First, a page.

Potential Detour: Network Latency

Latency is defined as the amount of time it takes for a packet of data to get from one designated point to another. Because the migration process is all about moving packets of data between servers it is by its very nature latency sensitive.

Migrating data into MongoDB Atlas leveraging the Live Import capability involves connecting your source MongoDB Instance to a set of application servers running in the AWS us-east-1 region. These servers act as the conductors running the actually migration process between your source and destination MongoDB Database Servers. A potential detour can crop up when your source MongoDB database deployment exists in a datacenter located far from the AWS us-east-1 region.

Route Guidance: Reduce latency if possible or use mongomirror instead of Live Import

Should your source MongoDB Database servers exist in regions far from these application servers, you may need to leverage mongomirror, mongodump/mongorestore rather than Live Import.


Potential Detour: Network Access

In order to accomplish a migration using Live Import, Atlas streams data through a set of MongoDB-Controller application servers. Atlas provides the IP Address ranges of the MongoDB Live Import servers during the Live Import process. You must be certain to add these IP Address ranges to the IP Whitelist for your Destination cluster.

The migration processes within Atlas run on a set of application servers --- these are the traffic directors. The following is a list of the IP Addresses on which these application servers depend. It is important to ensure that traffic between these servers, your source cluster and the destination cluster is able to freely flow. These addresses are in C.I.D.R. notation.

  • 4.71.186.128/25
  • 4.35.16.128/25
  • 52.72.201.163/32
  • 34.196.196.255/32

An additional area where a detour may be encountered is in the realm of corporate firewall policy.

To avoid these potential detours, ensure that you have the appropriate connectivity from the networks where your source deployment resides to the networks where MongoDB Atlas exists.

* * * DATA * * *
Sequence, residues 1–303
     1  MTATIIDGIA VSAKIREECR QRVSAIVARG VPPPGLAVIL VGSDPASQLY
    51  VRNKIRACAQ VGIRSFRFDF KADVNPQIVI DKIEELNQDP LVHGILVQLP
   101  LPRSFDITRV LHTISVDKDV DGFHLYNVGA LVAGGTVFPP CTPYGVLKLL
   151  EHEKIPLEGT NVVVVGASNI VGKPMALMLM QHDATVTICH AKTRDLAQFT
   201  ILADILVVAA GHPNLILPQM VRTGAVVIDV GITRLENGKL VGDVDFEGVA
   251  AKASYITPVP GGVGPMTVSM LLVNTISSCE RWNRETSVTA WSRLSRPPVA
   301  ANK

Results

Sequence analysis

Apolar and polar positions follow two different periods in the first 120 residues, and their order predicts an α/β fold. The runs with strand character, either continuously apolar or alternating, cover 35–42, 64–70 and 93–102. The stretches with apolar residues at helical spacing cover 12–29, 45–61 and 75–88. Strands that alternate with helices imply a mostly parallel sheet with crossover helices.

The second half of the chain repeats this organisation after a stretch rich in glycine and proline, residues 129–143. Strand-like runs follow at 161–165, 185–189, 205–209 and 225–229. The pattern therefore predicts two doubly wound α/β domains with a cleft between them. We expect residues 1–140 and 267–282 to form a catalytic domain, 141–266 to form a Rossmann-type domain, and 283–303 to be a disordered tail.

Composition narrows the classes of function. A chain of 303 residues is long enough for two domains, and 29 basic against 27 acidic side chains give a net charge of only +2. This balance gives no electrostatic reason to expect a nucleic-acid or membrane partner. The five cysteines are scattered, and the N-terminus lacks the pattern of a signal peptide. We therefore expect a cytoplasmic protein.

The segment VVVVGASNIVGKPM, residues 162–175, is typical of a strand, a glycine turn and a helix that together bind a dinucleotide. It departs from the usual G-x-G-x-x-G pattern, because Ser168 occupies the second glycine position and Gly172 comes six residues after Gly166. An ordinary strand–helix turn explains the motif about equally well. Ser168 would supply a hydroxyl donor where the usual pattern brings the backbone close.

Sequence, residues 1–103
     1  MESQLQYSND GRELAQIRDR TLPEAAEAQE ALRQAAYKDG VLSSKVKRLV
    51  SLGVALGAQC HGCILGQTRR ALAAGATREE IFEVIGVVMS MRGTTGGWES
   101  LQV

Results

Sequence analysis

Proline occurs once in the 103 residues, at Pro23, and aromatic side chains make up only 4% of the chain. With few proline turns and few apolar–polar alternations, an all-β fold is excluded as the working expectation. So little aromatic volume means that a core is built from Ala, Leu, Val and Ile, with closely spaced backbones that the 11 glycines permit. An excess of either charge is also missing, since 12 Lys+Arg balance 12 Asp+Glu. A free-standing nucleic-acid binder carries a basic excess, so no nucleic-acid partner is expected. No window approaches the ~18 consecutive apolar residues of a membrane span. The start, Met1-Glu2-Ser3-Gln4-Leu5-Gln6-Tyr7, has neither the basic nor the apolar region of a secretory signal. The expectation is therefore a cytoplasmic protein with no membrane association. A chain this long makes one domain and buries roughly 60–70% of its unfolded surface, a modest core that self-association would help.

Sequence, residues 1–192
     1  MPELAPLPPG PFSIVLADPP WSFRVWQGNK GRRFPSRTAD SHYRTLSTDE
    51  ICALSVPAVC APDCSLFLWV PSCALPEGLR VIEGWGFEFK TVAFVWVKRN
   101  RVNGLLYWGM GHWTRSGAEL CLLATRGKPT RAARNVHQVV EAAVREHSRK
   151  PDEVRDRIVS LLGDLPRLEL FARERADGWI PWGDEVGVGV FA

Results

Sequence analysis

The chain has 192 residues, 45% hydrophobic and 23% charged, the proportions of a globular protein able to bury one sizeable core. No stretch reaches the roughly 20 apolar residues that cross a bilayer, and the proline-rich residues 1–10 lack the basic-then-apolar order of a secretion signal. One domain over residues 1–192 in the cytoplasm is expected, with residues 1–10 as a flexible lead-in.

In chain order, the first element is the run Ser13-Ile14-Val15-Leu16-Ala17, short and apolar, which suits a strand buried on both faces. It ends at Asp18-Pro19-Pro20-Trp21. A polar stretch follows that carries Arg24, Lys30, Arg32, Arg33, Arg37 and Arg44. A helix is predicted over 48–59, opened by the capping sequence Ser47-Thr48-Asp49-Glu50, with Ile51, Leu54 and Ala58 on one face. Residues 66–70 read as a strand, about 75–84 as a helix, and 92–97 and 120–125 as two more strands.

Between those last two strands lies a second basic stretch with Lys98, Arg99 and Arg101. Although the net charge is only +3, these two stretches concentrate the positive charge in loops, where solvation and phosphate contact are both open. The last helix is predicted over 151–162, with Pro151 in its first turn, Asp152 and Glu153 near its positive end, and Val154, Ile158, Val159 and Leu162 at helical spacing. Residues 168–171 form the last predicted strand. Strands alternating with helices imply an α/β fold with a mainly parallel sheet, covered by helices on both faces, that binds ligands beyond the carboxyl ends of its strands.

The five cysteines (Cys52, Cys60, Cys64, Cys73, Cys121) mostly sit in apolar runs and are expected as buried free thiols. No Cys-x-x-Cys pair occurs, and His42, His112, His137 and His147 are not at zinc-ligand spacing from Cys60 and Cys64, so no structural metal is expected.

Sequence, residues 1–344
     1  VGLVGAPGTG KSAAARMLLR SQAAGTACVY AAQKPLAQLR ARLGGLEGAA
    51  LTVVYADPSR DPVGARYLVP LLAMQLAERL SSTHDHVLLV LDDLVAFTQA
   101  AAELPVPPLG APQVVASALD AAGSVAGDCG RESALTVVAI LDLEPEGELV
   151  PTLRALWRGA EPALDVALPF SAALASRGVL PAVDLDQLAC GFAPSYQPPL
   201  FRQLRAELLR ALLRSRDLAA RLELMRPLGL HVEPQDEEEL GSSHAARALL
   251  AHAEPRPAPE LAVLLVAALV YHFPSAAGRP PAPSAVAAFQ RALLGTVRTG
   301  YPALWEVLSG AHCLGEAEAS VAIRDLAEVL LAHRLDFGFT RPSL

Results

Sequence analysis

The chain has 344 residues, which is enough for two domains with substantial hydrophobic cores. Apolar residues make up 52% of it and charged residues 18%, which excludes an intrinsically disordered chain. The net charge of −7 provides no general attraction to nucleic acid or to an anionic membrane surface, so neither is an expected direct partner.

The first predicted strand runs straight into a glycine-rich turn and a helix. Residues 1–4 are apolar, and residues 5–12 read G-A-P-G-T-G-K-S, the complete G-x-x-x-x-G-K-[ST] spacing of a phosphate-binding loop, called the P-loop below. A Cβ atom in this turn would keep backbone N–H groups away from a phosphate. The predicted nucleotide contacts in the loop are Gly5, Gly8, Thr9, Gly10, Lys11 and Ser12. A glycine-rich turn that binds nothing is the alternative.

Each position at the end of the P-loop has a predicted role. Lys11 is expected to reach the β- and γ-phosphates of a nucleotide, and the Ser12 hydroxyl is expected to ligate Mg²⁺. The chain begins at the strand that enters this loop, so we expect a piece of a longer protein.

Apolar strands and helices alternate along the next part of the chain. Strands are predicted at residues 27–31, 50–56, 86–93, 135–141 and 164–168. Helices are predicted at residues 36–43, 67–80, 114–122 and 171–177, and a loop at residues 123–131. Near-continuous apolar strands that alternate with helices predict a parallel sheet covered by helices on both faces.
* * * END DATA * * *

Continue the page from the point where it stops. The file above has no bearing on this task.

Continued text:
Route Guidance: Whitelist the IP Ranges of the MongoDB Live Import Process

These IP ranges will be provided at the start of the migration process. Ensure that you configure the whitelist to enable appropriate access during the migration.


Potential Detour: Insufficient User Rights on Source Deployment

Every deployment of MongoDB should enforce authentication. This will ensure that only appropriate individuals and applications may access your MongoDB data.

A potential detour may arise when you attempt to Live Migrate a database without creating or providing the appropriately privileged user credentials.

If the source cluster enforces authentication, create a user with the following privileges:

  • Read all databases and collections (i.e. readAnyDatabase on the admin database)
  • Read the oplog.

Route Guidance: Ensure Appropriate User Access Permissions on the Source Deployment

Create a SCRAM user and password on each server in the replica set and ensure that this user belongs to roles that have the following permissions:

Read and write to the config database Read all databases and collections. Read the oplog.

For example:

  • For 3.4+ source clusters, a user with both clusterMonitor and backup roles would have the appropriate privileges.
  • For 3.2 source cluster, a user with clusterMonitor, clusterManager, and backup roles would have appropriate privileges.

Specify the username and password to Atlas when prompted by the Live Migration procedure.

Also, once you’ve migrated your data, if the source cluster enforced authentication you must consider that Atlas does not migrate any user or role data to the destination cluster. Therefore, you must re-create the credentials used by your applications on the destination Atlas cluster. Atlas uses SCRAM for user authentication. See Add MongoDB Users for a tutorial on creating MongoDB users in Atlas.